The term eczema encompasses a number of red , itchy, skin conditions. Eczema may appear as a dry, scaly, rash or weepy, oozing blisters. It is a type of dermatitis that literally means “inflamed skin.” Chronic eczema causes dry, red, flaky, patches on the skin, most frequently involving the face, neck, scalp, arms, elbows, wrists, and knees. Overall, eczema is estimated to affect up to 20 percent of Americans.
There are two main types: contact dermatitis, which occurs when an irritating substance comes into contact with the skin and eczema caused by inhaled or ingested allergens, such as foods, pollen, dust or animal hair dander. There are three main objectives in the treatment of eczema: reducing inflammation, relieving itching of the skin, and moisturizing dry patches.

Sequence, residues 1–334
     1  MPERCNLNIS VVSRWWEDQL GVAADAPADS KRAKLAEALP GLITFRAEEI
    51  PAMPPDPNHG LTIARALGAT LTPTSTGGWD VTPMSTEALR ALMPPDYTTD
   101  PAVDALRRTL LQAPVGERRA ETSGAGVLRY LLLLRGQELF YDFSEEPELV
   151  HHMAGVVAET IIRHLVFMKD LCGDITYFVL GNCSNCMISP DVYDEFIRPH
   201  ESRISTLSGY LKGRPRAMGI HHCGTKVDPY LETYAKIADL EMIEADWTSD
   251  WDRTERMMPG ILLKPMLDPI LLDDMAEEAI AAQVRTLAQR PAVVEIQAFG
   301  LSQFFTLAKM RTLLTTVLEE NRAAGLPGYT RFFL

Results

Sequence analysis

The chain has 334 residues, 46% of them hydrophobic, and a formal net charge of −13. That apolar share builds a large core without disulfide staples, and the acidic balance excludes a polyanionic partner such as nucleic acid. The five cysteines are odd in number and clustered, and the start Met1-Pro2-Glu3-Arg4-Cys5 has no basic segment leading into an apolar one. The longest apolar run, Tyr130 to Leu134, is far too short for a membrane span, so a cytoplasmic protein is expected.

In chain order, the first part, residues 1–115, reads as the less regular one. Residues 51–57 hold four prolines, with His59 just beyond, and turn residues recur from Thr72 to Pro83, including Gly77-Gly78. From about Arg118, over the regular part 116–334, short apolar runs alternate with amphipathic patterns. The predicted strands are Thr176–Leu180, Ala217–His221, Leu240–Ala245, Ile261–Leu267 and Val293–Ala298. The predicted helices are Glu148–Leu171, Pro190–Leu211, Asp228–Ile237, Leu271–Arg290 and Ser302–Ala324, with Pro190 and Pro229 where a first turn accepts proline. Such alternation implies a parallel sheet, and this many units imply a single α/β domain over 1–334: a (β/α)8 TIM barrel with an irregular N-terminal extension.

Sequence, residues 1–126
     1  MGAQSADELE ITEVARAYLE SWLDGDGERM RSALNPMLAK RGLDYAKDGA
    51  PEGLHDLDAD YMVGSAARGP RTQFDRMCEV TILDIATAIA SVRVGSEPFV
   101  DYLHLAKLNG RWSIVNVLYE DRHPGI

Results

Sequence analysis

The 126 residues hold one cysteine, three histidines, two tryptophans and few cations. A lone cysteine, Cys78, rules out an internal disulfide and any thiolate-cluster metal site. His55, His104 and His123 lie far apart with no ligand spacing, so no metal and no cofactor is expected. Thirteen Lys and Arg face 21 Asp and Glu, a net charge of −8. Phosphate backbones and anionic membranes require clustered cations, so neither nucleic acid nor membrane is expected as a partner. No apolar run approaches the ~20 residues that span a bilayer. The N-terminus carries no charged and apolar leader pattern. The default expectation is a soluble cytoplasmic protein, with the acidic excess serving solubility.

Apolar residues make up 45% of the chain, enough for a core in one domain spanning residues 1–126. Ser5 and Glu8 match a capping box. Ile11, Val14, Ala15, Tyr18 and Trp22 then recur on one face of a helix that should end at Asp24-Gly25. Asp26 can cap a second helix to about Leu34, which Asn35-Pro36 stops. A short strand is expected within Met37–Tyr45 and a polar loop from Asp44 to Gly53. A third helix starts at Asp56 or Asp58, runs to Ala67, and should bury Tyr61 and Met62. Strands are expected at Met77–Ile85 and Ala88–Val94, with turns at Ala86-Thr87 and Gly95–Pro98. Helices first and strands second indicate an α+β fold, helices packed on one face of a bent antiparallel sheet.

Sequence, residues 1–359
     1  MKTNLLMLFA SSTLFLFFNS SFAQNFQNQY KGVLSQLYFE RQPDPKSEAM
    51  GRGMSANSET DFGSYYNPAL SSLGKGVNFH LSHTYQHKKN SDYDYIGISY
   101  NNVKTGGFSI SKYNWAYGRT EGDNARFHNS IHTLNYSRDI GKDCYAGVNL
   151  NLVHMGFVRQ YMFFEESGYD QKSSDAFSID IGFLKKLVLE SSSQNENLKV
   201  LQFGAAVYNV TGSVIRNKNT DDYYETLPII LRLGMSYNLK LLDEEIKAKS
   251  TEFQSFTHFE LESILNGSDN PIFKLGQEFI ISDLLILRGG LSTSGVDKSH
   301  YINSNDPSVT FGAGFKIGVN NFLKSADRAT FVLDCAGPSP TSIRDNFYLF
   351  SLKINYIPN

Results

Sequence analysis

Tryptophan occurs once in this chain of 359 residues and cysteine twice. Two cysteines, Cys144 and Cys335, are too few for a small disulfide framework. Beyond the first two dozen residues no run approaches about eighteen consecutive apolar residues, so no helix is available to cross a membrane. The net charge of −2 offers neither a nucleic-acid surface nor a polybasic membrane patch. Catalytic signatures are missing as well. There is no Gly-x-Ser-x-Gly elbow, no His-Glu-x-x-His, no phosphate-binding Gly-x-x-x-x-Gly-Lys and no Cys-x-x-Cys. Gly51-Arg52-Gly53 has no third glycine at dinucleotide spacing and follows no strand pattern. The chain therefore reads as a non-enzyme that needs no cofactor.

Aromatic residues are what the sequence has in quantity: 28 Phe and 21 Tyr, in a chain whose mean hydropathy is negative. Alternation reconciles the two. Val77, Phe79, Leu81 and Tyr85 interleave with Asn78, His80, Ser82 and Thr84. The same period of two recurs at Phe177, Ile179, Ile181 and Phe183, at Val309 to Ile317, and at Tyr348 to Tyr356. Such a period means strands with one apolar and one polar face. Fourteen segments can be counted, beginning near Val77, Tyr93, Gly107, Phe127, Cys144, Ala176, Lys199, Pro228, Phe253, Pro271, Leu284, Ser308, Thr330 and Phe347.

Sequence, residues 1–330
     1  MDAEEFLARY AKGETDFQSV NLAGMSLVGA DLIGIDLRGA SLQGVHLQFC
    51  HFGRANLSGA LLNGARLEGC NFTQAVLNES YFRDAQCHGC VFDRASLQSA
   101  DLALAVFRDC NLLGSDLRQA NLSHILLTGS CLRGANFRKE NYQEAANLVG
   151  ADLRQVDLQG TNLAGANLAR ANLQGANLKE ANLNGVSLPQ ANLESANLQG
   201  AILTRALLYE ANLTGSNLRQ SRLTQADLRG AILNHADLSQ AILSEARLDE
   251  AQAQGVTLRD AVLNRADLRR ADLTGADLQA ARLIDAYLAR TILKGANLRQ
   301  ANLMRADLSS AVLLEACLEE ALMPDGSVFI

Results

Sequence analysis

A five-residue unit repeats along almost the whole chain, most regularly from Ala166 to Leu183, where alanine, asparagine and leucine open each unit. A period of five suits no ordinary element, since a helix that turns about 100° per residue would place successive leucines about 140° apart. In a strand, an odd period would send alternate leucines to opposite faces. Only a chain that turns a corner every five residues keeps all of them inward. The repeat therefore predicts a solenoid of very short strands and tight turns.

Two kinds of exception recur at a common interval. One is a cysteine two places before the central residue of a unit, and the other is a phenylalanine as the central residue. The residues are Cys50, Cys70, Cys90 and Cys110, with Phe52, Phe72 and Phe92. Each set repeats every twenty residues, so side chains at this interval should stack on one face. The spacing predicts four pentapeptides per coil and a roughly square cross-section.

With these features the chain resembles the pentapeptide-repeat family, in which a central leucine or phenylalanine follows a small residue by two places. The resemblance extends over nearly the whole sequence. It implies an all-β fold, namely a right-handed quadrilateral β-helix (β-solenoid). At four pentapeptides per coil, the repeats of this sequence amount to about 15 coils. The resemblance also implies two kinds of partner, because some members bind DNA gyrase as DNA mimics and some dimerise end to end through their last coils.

Some of the dietary and lifestyle considerations are to avoid known dietary or environmental irritants or allergens. Reduce the build up of arachidonic acid within skin cells, as it is a direct building block of inflammation. This can be done by reducing the intake of the following foods: high-fat meat and dairy products, corn oil, sunflower seed oil, safflower seed oil, and mixed vegetable oils; alcohol and hydrogenated fats. Replace the above foods with chicken, turkey, fish, low-fat cheese, olive oil, canola oil or peanut oil.
Some of the supplements that can also help are Omega 3 fats, Gamma-linolenic acid, B-vitamins, antioxidants (Vit C, E, selenium and zinc), detoxification nutrients and immune regulators (milk thistle, indole 3 carbinol, probiotics, and enzymes). Lastly, the treatment of eczema lesions can be aided with the application of Vitamin B12 in children and young adults. The diet and supplementation practices outlined in this article can provide significant improvement of eczema in many cases.